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In 1970, playwright Alan Bennett, fresh on the heels of his first big West End success, moved to a charming street in Camden where he planned to quietly write, sometimes entertain male guests, accept the occasional visit from his Mother, ride his bike to and fro, and in general mind his own business. Coinciding with his arrival, an old transient (that’s a nice way to say homeless, apparently) in a van of questionable provenance/future arrived to the same street. Then she parked in front of his house. Then she parked inside his driveway. Then … she stayed there for 15 years.

The Lady In The Van is, as the opening title informs us, a “mostly true story” about their unlikely bond, and the permanent effects this relationship had on Bennett and, in fact, everyone on that street.

On the surface, it is not a movie that in any way, shape, or form makes sense. And it probably wouldn’t get made in Hollywood. You can just imagine the pitch: “We have a 81-year old homeless woman with incontinence problems, a gross old van, a repressed middle aged homosexual, and a pile of middle aged upper middle class busybodies. There is a lot of stink and shit jokes. Whaddaya say, Johnson?” Luckily for us, England, riding a wave of both successful Bennett play adaptations (The Madness of King George, The History Boys), the elderly movie cottage industry, and Maggie Smith’s need to be working 24/7 despite the fact that she is in her 80s, said yes to that pitch and the film got made.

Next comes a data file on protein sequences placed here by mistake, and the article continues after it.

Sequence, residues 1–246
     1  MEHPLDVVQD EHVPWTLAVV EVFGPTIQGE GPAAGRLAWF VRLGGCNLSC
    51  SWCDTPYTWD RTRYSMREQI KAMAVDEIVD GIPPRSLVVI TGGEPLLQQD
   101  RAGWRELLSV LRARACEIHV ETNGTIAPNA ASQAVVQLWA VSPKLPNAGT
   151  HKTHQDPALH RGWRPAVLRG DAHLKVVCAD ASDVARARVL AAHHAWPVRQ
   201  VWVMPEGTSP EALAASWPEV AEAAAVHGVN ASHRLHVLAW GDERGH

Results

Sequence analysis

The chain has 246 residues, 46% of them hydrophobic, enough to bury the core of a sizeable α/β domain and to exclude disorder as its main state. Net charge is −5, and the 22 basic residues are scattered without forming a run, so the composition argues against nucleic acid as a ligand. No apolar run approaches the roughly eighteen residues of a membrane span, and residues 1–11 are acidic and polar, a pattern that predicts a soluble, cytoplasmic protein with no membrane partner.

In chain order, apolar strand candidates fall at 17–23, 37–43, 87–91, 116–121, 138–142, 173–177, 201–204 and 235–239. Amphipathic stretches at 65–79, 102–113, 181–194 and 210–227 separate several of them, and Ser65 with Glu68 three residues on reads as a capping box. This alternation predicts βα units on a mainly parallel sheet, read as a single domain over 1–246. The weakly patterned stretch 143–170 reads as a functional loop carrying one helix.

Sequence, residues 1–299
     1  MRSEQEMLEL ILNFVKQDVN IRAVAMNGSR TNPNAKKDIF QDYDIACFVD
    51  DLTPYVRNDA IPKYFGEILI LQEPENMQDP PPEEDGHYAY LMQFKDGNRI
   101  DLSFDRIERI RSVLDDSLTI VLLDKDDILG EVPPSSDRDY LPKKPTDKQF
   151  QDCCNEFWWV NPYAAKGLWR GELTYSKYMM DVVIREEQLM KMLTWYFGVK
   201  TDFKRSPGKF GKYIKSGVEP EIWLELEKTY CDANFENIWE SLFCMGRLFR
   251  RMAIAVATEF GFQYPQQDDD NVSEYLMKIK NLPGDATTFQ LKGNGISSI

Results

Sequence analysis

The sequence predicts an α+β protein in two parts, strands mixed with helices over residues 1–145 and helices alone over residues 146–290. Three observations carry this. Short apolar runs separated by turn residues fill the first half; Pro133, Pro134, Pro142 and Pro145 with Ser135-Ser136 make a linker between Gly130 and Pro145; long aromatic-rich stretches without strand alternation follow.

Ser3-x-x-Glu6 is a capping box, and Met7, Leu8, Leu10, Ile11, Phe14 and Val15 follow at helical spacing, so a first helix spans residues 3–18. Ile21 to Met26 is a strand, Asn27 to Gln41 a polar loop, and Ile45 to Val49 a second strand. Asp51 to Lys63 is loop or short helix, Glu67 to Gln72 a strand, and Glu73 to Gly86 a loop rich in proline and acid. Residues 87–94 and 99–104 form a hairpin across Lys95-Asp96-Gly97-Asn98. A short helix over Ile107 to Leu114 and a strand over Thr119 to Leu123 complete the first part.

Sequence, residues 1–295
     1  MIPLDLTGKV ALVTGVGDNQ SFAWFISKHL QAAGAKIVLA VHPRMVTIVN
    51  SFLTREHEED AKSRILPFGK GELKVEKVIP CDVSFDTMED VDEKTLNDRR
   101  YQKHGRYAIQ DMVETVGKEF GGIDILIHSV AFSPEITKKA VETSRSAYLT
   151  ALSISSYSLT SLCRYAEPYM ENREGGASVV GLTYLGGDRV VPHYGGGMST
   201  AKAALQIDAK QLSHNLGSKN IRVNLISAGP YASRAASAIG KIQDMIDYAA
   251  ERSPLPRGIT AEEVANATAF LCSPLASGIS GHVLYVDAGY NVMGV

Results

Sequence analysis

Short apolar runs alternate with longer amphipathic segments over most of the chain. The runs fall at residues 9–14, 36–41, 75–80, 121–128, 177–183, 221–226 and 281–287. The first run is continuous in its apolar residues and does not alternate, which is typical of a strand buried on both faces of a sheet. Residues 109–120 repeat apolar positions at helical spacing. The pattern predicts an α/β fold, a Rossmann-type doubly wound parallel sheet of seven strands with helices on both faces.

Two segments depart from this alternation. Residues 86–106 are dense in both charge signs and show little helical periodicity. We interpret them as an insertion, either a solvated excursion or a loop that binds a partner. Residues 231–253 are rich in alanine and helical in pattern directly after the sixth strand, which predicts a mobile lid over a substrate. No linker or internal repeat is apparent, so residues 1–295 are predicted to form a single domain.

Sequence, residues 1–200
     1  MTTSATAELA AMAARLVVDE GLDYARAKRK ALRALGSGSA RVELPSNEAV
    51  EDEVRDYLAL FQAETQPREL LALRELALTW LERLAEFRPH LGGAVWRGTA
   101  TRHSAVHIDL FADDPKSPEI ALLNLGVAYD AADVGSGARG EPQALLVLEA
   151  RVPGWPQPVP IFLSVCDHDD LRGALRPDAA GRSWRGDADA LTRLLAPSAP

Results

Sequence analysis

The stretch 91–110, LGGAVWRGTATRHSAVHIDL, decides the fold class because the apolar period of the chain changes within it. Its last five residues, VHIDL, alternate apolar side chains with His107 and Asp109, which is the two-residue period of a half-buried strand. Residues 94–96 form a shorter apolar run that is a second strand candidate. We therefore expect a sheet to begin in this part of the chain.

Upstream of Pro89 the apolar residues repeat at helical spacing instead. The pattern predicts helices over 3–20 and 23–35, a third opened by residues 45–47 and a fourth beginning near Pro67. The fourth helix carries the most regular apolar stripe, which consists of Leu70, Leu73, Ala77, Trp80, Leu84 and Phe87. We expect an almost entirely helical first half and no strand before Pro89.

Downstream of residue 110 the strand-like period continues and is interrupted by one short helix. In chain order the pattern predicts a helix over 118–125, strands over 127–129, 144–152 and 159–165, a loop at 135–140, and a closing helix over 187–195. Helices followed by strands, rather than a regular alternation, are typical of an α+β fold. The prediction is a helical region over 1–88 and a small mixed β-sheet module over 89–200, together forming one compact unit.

This is good news for us, because The Lady In The Van is wonderful. And not just in a “how cute is this old woman” way that got us suckered into The Best Exotic Marigold Hotel, but in that truly special, life-affirming, quality filmmaking and performance way that we seek in the dark of a movie theatre, and which, so often eludes us as an audience.


Maggie Smith, naturally, is the cornerstone of it all. Sixty years into her career, and nearly 50 years since she won the first of her two Academy Awards for The Prime of Miss Jean Brody, Smith not only still has it, she has evolved into an acting genre all her own. Her Margaret Shepherd is a woman with a past (a past she is not willing to share), and a woman with a present (she’s very busy, as she is wont to tell anyone who attempts to suggest otherwise), and woman with a future (she’s dying, possibly, though not imminently). And between curmudgeonly remarks, wisecracking old Catholic jokes, Smith manages to convey it all, in a gentle, subtle, heartbreaking way. Her saucer eyes flit and move across the screen with the alertness of a much younger performer, but it is when Margaret allows herself to close them that the viewer really gets to feel her, and the pain she has been carrying in her for decades.

Alex Jennings, a mainstay of classic British television, is a wonderful, stoic, long-suffering counterpart to Margaret’s chutzpah, playing a dual role: the writer and the human living the life the writer is writing about. This decision to allow the narrator’s internal life to interact actively with his external one could have proven to be a risky one, but Nicholas Hytner has made a career for himself adapting plays into surprisingly effective movies, and here proves up to the task. Bennett (the writer) and Bennett (the human) both struggle with their relationships with the elderly humans in their life, be it Bennett’s mother, or Margaret, and allowing the viewer to see them both almost as individual characters, adds a depth to the story. This creates tension that transcends plain good old-fashioned storytelling, so once the Margaret’s true story is revealed, we realize she deserved something special.

Go see this movie.